Theatre News

Key Openings (and One Closure) in the South-East This Fortnight

Among the major openings in our region for the rest of this month are:

Opening I5 June. Dreamboats and Petticoats is at the Corn Exchange, Cambridge. This British musical by Laurence Marks and Maurice Graun is based on two successful album releases of 1960s favourite songs. The story is that of two aspiring young rock’n’roll musicians and the girl who joins them. The cast is headed by Scott Bruton, Ben Freeman and Jennifer Biddall. It runs until 20 June as part of a national tour.

Opening 22 June. at the Arts Theatre, Cambridge. This is a stage adaptation by Jeff Young, John O’Hara and Tom Critchley of the 1973 album by Pete Townshend and The Who and the film version of 1979. it tells the story of teenager Jimmy, at odds with his parents and stuck in a dead-end job. He’s not sure what he wants out of life, but takes off to Brighton to find it – and her.

Opening 23 June. Singin’ in the Rain at the Cliffs Pavilion, Southend is the stage version of the musical film which starred Gene Kelly as Don Lockwood. The part is taken by Tim Flavin, who has won awards for his performances in musicals both on Broadway and in the West End. It runs until 27 June.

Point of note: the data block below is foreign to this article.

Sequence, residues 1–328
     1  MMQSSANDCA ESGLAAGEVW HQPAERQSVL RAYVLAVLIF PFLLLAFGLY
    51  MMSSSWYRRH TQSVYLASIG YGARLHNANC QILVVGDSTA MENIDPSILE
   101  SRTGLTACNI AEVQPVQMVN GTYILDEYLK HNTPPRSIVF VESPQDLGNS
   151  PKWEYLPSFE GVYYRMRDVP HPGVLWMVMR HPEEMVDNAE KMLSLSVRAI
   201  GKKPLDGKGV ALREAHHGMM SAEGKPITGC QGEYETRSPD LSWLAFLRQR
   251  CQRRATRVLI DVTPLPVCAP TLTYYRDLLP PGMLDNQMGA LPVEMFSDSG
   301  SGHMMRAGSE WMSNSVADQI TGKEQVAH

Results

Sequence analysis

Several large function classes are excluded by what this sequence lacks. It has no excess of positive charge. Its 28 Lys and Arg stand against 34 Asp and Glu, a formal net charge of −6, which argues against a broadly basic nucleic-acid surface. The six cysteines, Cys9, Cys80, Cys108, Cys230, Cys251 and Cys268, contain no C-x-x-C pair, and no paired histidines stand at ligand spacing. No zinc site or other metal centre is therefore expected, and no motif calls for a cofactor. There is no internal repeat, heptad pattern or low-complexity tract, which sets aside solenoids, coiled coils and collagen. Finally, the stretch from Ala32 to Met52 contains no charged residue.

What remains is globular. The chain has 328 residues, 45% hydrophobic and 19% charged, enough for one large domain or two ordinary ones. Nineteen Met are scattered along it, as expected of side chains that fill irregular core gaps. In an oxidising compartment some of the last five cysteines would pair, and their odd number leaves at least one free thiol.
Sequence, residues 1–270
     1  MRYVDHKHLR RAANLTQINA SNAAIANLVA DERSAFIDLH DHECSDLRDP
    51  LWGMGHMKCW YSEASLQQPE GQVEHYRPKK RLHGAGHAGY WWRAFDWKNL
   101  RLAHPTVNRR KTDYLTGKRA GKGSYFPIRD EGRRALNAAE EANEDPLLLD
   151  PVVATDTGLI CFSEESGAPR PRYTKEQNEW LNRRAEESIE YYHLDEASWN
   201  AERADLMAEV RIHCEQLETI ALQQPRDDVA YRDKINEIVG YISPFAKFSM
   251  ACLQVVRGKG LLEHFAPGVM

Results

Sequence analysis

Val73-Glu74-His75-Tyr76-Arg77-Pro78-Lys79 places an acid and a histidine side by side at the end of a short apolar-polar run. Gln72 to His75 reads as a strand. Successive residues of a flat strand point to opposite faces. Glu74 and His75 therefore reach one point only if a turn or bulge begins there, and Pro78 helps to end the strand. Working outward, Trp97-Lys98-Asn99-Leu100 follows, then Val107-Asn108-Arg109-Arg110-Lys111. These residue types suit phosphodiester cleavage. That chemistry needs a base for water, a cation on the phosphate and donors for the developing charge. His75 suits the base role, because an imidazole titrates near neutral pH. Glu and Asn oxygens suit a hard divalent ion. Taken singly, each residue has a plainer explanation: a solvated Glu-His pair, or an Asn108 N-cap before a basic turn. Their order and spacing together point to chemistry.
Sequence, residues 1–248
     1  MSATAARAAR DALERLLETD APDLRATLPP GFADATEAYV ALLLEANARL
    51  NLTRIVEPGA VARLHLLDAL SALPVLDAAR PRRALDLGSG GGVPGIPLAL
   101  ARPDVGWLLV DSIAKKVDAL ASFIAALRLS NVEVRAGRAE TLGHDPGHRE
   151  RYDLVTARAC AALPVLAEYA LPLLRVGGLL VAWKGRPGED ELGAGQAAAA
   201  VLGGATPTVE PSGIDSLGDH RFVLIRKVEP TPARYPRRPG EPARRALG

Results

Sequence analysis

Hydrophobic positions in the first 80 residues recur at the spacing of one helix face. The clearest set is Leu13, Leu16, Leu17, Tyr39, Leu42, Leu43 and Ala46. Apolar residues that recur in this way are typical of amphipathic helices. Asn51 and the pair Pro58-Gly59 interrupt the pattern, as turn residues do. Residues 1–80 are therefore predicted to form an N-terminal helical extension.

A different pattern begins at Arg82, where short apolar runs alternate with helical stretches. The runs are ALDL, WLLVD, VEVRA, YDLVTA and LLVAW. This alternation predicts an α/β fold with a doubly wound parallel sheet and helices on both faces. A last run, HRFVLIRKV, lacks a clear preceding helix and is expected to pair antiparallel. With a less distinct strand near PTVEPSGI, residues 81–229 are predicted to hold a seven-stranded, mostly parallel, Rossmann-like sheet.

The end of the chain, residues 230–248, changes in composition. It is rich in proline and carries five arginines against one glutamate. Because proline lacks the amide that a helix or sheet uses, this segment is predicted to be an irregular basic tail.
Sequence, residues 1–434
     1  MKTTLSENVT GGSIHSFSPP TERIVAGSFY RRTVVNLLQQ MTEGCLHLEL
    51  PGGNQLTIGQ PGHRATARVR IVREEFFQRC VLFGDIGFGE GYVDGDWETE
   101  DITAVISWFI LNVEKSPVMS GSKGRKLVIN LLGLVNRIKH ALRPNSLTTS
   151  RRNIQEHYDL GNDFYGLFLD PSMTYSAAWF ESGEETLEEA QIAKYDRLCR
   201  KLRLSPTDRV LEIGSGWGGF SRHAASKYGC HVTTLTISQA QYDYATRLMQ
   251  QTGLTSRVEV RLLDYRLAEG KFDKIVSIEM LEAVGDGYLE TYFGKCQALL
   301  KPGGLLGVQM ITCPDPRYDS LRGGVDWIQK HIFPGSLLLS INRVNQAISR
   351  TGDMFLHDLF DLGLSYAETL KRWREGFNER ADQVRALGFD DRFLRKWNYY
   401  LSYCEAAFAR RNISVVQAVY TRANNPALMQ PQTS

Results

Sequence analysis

Opening 23 June. by Elizabeth Inchbald at the Theatre Royal, Bury St Edmunds. This Georgian actress and playwright was born in Stanningfield, just a few miles from Bury, acted in London with Sarah Siddons and John Kemble and wrote a series of successful comedies of manners, of which Maids As They Are, Wives As They Were was successfully revived at the Theatre Royal last year.

The Massacre is her only tragedy, inspired by the horrific September Massacres during the French Revolution but based on an earlier play about the equally horrendous St Bartholomew Day’s Massacre which also took place in Paris albeit 200 years earlier. It was judged far too controversial to be staged at the time and Colin Blumenau‘s production is its professional European première. A modern companion-piece on the subject of genocide by Jonathan Lichtenstein accompanies it

Opening 25 June. The Tiger Who Came to Tea is based on the picture book by Judith Kerr by David Wood. It’s at the Arts Theatre, Cambridge for morning and afternoon performances until Sunday 28 June and then moves to the Norwich Playhouse, also with matinée performances, for 29 and 30 June.

By the way, if you were looking forward to seeing Harvest by Richard Bean at the Arts Theatre, Cambridge between 15 and 20 June, this touring production has been cancelled at quite short notice. No other production is available to replace it, so the theatre is “dark” for this week.